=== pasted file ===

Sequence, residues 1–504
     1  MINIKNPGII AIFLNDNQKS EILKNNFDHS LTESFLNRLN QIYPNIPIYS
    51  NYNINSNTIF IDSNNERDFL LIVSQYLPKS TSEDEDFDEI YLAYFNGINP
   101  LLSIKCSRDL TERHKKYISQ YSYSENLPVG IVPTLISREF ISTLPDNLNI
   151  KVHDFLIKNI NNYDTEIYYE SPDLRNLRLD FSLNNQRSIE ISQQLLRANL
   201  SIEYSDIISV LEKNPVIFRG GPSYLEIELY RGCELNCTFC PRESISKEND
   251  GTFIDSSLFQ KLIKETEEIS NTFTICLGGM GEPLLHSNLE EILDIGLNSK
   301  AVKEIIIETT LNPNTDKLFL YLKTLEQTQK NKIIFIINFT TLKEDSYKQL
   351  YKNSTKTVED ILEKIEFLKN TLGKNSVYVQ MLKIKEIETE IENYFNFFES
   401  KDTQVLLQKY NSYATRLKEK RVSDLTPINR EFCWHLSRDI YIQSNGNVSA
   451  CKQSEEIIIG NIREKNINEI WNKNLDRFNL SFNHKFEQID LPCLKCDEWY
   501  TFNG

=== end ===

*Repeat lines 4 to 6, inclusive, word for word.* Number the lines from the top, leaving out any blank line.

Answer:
   101  LLSIKCSRDL TERHKKYISQ YSYSENLPVG IVPTLISREF ISTLPDNLNI
   151  KVHDFLIKNI NNYDTEIYYE SPDLRNLRLD FSLNNQRSIE ISQQLLRANL
   201  SIEYSDIISV LEKNPVIFRG GPSYLEIELY RGCELNCTFC PRESISKEND